Wake Me Up

Wake Up

There is a song by Avicii called “Wake Me Up” that has gotten a lot of play on the radio for the past six months or so. It has a compelling beat, more complexity than your typical EDM track, and there is no denying that the singer, Aloe Blacc, has a truly incredible voice. I like the song. Here are the lyrics to the chorus:


So wake me up when it’s all over

   When I’m wiser and I’m older

All this time I was finding myself and I…

   I didn’t know I was lost


The lyrics have always made me tilt my head a little bit. They make me think of how much smarter I feel that I am as compared to five years ago, when I was appreciably smarter than five years before that. I don’t think that there’s anything I did then that I’m not better equipped to do now.

The strange place that this logic leads us is that in five years from now, I will probably feel the same way in comparison to my present self.

What, then, is the point of undertaking any great task? If whatever I am doing now could be done in a superior manner five years from now, why not put off the hard work till then? When I’m wiser and I’m older.

It is sort of a strange paradox. To quote another recent song, by Yellowcard (yes, Yellowcard) “They say you don’t grow up, you just grow old. It’s safe to say I haven’t done both.” I hear this song and I think about how age is typically associated with experience and wisdom. It is a valid correlation. Yet I can think of some individuals that I know who are well-advanced in years and haven’t learned or done very much. They’re older, but wiser? Maybe. Maybe not. I wonder if they feel the same way I do about their “past” self.

The reason I always cock my head when the chorus of “Wake Me Up” comes on is this: I have no interest in being woken up when “it’s all over.” That means I’ve missed whatever it is that’s happening, does it not? In all likelihood, I will be smarter, wiser, and better equipped for whatever books I’m writing, plans I’m making, relationships I’m investing in, when I’m five years older. Yet if I don’t do all of these things now, most of the experience that “comes with age” won’t ever truly take place for me. I’m wiser and better equipped now than I was five years ago not simply because I’m older, but because I’ve tried to go out and do things. I’ve fallen, I’ve stumbled, occasionally I’ve triumphed, and in the process, I have learned and grown quite a bit.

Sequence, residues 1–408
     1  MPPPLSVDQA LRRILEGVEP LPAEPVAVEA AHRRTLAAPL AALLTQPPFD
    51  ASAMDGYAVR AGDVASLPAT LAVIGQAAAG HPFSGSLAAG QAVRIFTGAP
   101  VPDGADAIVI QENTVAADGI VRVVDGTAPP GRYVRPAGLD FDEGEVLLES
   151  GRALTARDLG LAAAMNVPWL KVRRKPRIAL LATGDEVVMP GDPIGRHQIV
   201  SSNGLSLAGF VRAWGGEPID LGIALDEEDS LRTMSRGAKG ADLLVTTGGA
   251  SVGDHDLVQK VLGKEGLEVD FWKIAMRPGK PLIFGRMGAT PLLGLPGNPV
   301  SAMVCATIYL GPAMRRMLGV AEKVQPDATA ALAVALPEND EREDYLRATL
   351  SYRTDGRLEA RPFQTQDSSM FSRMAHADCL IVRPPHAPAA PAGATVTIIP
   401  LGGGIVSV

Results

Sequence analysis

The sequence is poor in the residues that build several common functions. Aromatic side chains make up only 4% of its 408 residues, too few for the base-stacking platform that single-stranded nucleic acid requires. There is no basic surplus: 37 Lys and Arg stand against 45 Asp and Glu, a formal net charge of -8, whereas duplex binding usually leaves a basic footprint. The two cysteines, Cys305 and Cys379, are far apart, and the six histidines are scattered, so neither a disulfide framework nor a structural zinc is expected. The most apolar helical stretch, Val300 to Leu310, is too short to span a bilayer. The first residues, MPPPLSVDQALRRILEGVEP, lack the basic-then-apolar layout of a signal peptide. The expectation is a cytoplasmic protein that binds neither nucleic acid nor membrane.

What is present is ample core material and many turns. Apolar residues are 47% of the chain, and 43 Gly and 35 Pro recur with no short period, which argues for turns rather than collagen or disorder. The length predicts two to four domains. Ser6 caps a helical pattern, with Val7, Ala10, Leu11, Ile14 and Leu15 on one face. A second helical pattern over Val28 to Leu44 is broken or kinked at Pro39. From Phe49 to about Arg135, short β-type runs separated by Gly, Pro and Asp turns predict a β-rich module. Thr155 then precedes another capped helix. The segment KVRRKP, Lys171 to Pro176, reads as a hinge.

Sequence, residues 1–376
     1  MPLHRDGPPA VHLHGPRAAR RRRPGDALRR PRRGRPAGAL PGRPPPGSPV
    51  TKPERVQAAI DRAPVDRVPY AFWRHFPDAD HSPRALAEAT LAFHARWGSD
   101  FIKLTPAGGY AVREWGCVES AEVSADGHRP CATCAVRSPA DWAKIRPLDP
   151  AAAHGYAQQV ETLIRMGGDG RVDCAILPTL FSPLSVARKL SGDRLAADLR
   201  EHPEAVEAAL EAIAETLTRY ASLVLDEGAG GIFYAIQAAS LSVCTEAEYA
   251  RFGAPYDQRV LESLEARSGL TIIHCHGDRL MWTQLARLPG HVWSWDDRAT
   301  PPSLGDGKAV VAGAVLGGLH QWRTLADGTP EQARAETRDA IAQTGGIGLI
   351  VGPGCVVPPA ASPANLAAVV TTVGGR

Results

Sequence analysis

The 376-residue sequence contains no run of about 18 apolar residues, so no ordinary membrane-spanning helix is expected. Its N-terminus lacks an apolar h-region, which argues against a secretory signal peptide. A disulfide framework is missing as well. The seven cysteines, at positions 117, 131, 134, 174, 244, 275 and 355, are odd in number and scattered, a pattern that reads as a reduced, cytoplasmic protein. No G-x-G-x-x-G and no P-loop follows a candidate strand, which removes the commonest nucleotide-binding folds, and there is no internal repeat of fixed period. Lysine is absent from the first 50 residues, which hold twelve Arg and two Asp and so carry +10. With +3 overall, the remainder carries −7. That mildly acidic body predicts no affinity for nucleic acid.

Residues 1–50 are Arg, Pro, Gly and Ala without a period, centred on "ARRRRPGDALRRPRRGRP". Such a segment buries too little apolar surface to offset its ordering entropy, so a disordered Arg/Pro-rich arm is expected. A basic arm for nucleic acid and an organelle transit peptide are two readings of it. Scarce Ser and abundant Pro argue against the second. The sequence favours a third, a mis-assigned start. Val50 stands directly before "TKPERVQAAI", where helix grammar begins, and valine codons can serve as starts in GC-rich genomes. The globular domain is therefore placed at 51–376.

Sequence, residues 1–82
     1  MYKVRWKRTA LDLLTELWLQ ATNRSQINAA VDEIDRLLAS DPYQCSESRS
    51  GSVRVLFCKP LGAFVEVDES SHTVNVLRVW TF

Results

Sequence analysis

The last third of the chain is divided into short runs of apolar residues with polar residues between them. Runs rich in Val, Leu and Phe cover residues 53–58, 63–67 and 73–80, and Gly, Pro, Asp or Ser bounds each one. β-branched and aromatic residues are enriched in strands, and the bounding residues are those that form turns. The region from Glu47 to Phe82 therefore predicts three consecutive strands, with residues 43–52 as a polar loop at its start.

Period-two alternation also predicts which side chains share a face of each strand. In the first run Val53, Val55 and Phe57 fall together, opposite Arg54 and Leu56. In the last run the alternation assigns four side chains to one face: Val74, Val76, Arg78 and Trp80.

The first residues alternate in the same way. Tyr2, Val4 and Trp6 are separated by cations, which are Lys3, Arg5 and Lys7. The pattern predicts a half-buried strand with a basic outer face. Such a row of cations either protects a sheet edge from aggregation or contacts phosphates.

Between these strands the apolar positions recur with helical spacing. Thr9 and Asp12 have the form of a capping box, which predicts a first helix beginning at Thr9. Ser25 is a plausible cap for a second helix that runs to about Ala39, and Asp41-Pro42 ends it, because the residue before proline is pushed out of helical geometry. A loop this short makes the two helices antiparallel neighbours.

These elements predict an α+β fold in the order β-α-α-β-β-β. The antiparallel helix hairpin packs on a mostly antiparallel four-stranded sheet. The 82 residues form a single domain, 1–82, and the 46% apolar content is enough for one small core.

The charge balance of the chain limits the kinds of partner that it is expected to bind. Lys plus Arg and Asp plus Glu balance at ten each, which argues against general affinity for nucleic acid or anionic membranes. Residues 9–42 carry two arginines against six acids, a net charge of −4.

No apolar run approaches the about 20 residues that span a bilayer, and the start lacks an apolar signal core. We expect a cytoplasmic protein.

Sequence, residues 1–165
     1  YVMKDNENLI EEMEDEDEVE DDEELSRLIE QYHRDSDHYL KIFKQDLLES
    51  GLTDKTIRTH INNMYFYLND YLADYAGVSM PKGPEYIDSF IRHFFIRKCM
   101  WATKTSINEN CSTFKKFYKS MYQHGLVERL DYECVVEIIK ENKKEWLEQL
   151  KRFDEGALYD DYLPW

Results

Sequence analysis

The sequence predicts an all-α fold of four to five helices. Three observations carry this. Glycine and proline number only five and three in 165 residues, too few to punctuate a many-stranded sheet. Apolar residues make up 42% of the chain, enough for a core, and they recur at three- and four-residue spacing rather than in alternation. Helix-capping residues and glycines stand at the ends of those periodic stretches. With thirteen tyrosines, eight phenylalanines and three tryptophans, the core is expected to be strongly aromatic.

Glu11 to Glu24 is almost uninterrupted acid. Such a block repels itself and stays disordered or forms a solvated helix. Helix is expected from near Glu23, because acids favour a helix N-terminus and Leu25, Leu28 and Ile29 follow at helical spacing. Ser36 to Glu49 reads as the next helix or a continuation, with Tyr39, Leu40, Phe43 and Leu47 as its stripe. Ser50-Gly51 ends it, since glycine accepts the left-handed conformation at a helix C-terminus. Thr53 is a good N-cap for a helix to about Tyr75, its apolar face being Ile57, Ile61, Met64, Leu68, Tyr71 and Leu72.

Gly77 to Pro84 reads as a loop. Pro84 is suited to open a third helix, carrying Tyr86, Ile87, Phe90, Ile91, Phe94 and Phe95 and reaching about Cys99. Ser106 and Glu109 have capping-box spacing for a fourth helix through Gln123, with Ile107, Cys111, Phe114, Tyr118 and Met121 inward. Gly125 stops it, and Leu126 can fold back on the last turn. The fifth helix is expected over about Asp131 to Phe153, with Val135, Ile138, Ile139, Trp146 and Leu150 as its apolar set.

Hindsight is 20-20, as they say, but it’s strict blindness if you never go through the challenges at all.

So go ahead and wake up after everything important is over if you want. I’m going to be out here stumbling my way through tasks that are beyond me. With God’s help I’ll get better, and then I’ll be able to look at my past self once again and shake my head knowingly. Of course, my future self from that point will eventually do the same. This is a good thing.


2 comments on “Wake Me Up

  1. John Timms says:

    Psychologists recently concluded that people recognize how they have matured from their past selves to their existing selves,but they do not recognize how much they’ll mature in the future.

    “Middle-aged people — like me — often look back on our teenage selves with some mixture of amusement and chagrin,” said one of the authors, Daniel T. Gilbert, a psychologist at Harvard. “What we never seem to realize is that our future selves will look back and think the very same thing about us. At every age we think we’re having the last laugh, and at every age we’re wrong.”


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